Best Places in Europe, no one knows about
I personally would like to know what people think, since if I go back to Europe, I want to stay away from the big cities, as I have been there and done that.
The town of Dadia is beautiful, there's lots of hiking in the area, there's a wonderfully woodsy and decently priced (by Greek standards) hotel, and you can see all sorts of large birds that are fairly rare.
There's a lot of other good places that are only a few feet from the overcrowded places. In Ireland, I went to visit county Kerry, and by getting just off the popular "Ring of Kerry" onto some smaller roads, the people disappeared, but the terrain was still amazing. Similarly, at Pamukalle, Turkey, there's one path in the middle of the travertine pools packed solid with Russians, but if you take the path above the pools, there's almost no one, and you get better views anyway.
Kovachevitza is amazing - a beautifully preserved mountainside village. Wander through the tobacco fields and you'll stumble onto an ancient Thracian graveyard, devoid of tourists and archaeologists alike. I stopped at the post office to buy stamps so I could mail postcards from Kovachevitza. The postmaster regretfully declined my request, saying she had to save her supply of stamps for locals. A woman who'd been chatting with the postmaster interceded and asked us to follow her to her office ... she thought she had a good supply of stamps and said I could buy some. Later on in the day as my friend described this incident to another villager, the man told my friend that this woman was the Mayor.
Another great spot is CÄ“sis, Latvia. It's a beatiful little town whose jewel is a half-ruined castle. For 1 lett you can tour the part that's standing (the rest is an archaeological dig), climb the tower, descend into the dungeon if you want to. The tour is self-guided and your 1 lett will get you a hardhat and a lantern with a candle so you can find your way around and not suffer concussion as you climb the twisting, cramped stairways in the pitch black.
For the charm and friendliness of a hamlet surrounded by vast fields - and a goofy name to boot - visit Erps-Kwerps, Belgium. If you ever get to Lake Como, Italy, take the funicular rail to the hidden treasure just up the hillside - Brunate. Next time you're in Estonia, get out of Tallinn and see the "real" Estonia in the university town of Tartu (visit the KGB museum there, too). In Finland, check out the world's largest wooden church (painted in a strange gray and white pattern that makes it look like marble) in Kerimaki. Go to Saxony and visit the center of European porcelain manufacturing in Meissen, then take the train from Dresden to KÃ¶nigstein or Bad Schandau and spend a day or two hiking through the spectacular scenery of Saxon Switzerland. Or go further, to the Czech border town of Hrensko, and see the largest natural stone arch in Europe.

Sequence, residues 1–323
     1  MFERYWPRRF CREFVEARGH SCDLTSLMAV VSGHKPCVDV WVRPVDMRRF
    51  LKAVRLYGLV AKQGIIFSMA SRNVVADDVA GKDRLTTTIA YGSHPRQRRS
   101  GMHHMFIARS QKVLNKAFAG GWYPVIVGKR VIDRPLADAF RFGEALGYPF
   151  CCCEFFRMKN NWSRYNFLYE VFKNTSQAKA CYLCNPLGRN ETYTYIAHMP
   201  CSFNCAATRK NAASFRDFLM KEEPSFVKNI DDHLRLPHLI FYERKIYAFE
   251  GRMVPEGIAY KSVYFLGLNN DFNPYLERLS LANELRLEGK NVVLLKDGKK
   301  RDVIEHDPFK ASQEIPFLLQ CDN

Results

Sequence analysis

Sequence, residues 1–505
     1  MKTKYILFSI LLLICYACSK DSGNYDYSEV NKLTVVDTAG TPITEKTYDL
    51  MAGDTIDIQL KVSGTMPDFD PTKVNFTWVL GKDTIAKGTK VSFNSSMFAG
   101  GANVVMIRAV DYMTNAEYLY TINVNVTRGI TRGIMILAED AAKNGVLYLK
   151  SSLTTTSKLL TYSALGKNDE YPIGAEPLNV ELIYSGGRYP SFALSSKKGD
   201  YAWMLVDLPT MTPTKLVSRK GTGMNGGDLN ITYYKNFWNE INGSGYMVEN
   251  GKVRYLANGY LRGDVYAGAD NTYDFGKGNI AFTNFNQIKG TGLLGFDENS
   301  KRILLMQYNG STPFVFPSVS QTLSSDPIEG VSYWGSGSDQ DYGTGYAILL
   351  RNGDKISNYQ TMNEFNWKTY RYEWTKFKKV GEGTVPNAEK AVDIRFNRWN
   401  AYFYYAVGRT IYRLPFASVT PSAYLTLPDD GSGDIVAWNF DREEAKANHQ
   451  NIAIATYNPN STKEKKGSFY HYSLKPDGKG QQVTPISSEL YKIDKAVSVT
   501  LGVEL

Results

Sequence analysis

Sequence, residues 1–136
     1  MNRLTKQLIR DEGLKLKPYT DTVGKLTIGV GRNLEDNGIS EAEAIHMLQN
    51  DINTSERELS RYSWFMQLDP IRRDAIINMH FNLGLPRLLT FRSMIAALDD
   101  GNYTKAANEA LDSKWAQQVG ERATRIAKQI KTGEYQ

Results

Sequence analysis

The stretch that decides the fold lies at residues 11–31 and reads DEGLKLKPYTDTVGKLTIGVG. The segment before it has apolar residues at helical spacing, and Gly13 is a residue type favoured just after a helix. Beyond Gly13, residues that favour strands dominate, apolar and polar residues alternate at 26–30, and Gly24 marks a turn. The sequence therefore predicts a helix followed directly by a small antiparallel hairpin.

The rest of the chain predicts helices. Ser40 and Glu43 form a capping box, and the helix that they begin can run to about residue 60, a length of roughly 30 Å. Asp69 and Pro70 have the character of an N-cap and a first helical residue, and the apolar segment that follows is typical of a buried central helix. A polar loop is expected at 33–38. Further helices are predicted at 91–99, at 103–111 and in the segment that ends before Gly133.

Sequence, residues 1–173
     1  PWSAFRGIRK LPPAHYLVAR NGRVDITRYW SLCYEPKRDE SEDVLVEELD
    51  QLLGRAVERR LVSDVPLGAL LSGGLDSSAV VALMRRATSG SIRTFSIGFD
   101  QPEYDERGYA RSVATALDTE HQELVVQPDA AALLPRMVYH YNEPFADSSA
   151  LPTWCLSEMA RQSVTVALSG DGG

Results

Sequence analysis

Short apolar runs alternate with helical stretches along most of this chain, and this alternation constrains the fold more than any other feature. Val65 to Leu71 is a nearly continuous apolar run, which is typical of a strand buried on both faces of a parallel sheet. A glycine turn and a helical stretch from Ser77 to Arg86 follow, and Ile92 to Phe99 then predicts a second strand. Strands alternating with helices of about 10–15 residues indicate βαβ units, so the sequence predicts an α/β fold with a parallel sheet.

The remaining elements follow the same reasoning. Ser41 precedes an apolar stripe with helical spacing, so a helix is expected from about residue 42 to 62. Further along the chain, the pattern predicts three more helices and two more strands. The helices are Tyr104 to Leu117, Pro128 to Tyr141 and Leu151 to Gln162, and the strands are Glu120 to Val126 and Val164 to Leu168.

What a great place!
I guees its gradually gaining in popularity but its still up there with my favourites!
I found Bertesgaden in the south of germany absolutely beautiful and devoid of large touristy crowds. We went on a tour of the salt mines there and we were the only people who spoke english! Its got beautiful views of the alps, great hiking and skiing. I dont know what else u could ask for
Don't click here.
As for great unknown places - I would have to agree with the person who recommended Annecy in the French Alps. That place was brilliant. There were a few tourists but less than we'd seen in most other places of France. You can do a trip around the area and see 13 different historical sites, mainly including castles, monasteries, and churches. Annecy Lake was beautifully clear and the alps surrounding it gave lots of opportunities for other activities.
Sali in Croatia, mentioned by someone, was also a great spot that was highly recommended to us by some locals. I can't vouch for the lack of tourists there, but it was a cute town.
I really enjoyed the town of Ghent in Belgium, which is a bit less touristed than say Brugges or Brussells. It had all sorts of historical background, plus a really pumping youth nightlife. The people in Belgium were great as well.
I really liked the town of Kotor in Montenegro. It wasn't even in my Europe guidebook but it was so pretty. It is very similar to Dubrovnik in Croatia in looks but with waaaaaay less people. We stayed at this awesome hostel there for 6 euros a night which was a private room with free internet and dinner for 60 cents. It was great!
Although I love Venice it was nice to experience a side of Italy that i had not witnessed before - a town with little or no tourists and locals going about their daily life.
Its a hard thing to find in Western Europe - i spent ages trying to think of great places in England that would qualify and couldnt come up with anything
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